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Robbers raid Van Gogh museum
- Thieves gain entry from roof, escape with two oil paintings

Amsterdam, Dec. 7 (Reuters): Two Vincent Van Gogh oil paintings were snatched by thieves today in a daring robbery at an Amsterdam museum dedicated to the tortured 19th century Dutch artist.

Thieves scrambled onto the roof of the Van Gogh Museum using a ladder and descended into the building before disappearing with two world-renowned oil paintings before the museum opened its doors for the day, police said.

The thieves, who triggered the burglar alarm, fled with the oil paintings, Congregation Leaving the Reformed Church in Nuenen and View of the Sea at Scheveningen, from the museum with the largest Van Gogh collection in the world.

“Just before eight (am), they disappeared. There is still a police investigation going on,” a museum spokeswoman said. She said she could not put a value on the paintings. In 1998, a Van Gogh self-portrait sold at auction in New York for $71 million.

Van Gogh paintings were stolen from the same museum in 1991. In 1998, masked gunmen snatched two Van Gogh paintings in Italy which were later found.

Van Gogh, famous for his intense use of colour and emphatic brush strokes, is considered the greatest Dutch artist after Rembrandt. He painted some of his greatest works while living in the south of France.

Born on March 30, 1853, in the village of Zundert in the southern Netherlands, Van Gogh also lived in London, Brussels, Antwerp and Paris. He led a troubled life and suffered from a psychotic episode in the late 1880s when he cut off a piece of his left ear.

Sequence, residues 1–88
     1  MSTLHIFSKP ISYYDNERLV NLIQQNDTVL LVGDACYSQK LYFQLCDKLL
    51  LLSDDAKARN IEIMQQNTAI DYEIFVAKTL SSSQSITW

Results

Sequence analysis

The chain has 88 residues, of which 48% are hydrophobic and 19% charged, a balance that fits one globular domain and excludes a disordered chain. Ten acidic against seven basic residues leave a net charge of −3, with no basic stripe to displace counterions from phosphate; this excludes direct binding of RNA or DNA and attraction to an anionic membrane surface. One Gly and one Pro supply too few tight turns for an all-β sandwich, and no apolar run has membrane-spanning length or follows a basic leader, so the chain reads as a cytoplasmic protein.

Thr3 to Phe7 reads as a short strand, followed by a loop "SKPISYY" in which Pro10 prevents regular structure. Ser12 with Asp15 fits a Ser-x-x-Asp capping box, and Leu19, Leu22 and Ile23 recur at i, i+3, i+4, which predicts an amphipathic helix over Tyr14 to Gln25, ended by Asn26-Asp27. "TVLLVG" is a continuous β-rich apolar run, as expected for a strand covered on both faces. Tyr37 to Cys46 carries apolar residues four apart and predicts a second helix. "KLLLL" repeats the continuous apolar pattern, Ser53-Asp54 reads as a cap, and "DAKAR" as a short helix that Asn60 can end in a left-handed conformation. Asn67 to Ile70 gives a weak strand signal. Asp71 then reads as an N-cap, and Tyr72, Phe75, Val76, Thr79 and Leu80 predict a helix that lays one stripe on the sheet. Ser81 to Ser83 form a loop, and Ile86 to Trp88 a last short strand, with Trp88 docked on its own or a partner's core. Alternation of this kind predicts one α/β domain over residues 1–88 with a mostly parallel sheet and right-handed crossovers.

He died in 1890 after shooting himself in the chest.

He sold only one painting in his lifetime.

His most famous work Sunflowers, also hangs in the Amsterdam museum.

The stolen paintings date from the early period of his work. Congregation Leaving the Reformed Church in Nuenen, an oil painting on a small canvas, was painted in early 1884 for Van Gogh’s parents.

The church in the picture is the one where his father was a pastor. The painting features a congregation outside a church on a dark autumn day.

View of the Sea at Scheveningen, painted in 1882, is a view of the North Sea at a beach resort near The Hague set against a dark thundery sky.

The Van Gogh raid was the second major theft in the Netherlands this week.

On Monday, thieves stole diamond jewellery worth millions of euros from a Dutch museum exhibiting tiaras and necklaces borrowed from European kings and queens.

The Van Gogh Museum houses more than 200 paintings and 600 drawings by the artist. Around 1.5 million people have visited it so far this year.

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